Example A:  The sun gently kissed her neck.

Example B:  My car happily chugged along.


Definition:  Language used to persuade, there are many devices that fit under the category of rhetoric.

Example A:  Mankind must put an end to war before war puts an end to mankind. 

Example B:  When there is talk of hatred, let us stand up and talk against it.


Definition:  A series of words or phrases with an ending that looks or sounds similar.

Example A:  She sat on the log, and looked at the frog

Example B:  He opened the door, then fell on the floor


Definition:  Describing one thing as being like another. 

Example A:  The sun was as bright as gold

Example B:  He was as dirty as a pig.


Definition:  Language used to give objects a certain meaning that is different from their original function. 

Example A:  Purple is the colour of royalty. 

Example B:  A dove is a symbol of peace.

Cinematic/Dramatic Techniques

Cinematic/dramatic techniques are found within film and stage texts respectively. Due to the relationship between these two art forms there are many overlaps. The following is only a snippet of the extended list of techniques, and some literary devices may also be observed in these mediums.


Definition:  The instruction of movement, heights or position by the director.

Example:  Both actors contrasted with one another, one standing at the top of the stairs and the other seated on the floor below. The actor at the top of stairs was directed to walk down slowly and cautiously, in preparation for the oncoming conflict. 

Camera Angle/Framing

Definition:  The orientation and closeness of the camera in relation to the subject or scene.

Example:  A close-up low-angle shot gave the audience a disturbing view of the person sneezing, creating discomfort and confusion. 


Definition:  Generally, the chorus, or ensemble, are a large group of performers that work together to create a scene. In film, an extra plays a similar role in filling the background void, which can create realism within a scene.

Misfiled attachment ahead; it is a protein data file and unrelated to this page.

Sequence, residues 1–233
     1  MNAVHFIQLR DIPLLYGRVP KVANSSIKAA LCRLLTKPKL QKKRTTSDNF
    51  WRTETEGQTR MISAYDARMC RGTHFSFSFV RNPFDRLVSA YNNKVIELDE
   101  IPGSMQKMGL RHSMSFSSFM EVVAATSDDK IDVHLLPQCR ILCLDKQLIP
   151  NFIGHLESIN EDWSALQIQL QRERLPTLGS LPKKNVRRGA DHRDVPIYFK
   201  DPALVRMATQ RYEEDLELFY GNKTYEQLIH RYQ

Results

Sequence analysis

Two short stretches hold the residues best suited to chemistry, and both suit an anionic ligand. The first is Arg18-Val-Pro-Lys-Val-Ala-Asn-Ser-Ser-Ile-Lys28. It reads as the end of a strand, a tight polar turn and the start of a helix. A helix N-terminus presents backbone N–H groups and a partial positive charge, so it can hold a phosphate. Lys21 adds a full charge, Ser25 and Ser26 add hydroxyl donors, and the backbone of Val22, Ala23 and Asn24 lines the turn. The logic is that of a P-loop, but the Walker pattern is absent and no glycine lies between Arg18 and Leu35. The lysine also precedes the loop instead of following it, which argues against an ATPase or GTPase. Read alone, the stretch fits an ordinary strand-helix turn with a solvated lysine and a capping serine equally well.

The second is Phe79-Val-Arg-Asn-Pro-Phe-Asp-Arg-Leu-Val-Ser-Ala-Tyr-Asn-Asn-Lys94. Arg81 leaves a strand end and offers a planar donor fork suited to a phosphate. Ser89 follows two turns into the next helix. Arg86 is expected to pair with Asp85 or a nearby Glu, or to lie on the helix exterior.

Example:  In one scene of the film Inception, the extras change their pace and move more aggressively toward the lead, creating a sense that the antagonist's actions are causing problems. 


Definition:  Costuming pertains to any clothing, make-up or accessories donned by characters.

Example:  His 17th century wig, boots, and walking cain gave him an air of grandeur that contrasted his ragged and barefoot scene partners.

Mise-en-scène (aka Setting)

Definition:  A location in which action or a scene takes place, or the arrangement of set pieces and props.

Example:  A dark forrest setting with minimal light and dense tree and shrubbery made for an intricate maze for the characters to manoeuvre. 


Definition:  The way in which footage is trimmed, arrange or placed together, as well as any effects added.

Example:  Quick sharp shots of the lady running were pieced together to create the illusion of speed. Streaks of subtle fluorescent light were added to her back to give her character a superhero-like appearance.  

Screen/Stage Directions

Definition:  The way an actor is instructed to move or perform within the script. 

Example:  Scene one obliged the performer to speak with frustration while slamming their mug on the table, all the while having their back turned to their scene partner. This created a disconnect between the two characters and ensured the right tone was set.


Definition:  The use of sound (diegetic and non-diegetic) and lighting effects can create mood or change the tone. 

Example:  The rapid change in contrast and colour of the lighting, paired with the increased volume and pitch of the soundscape created an atmosphere of danger and suspense.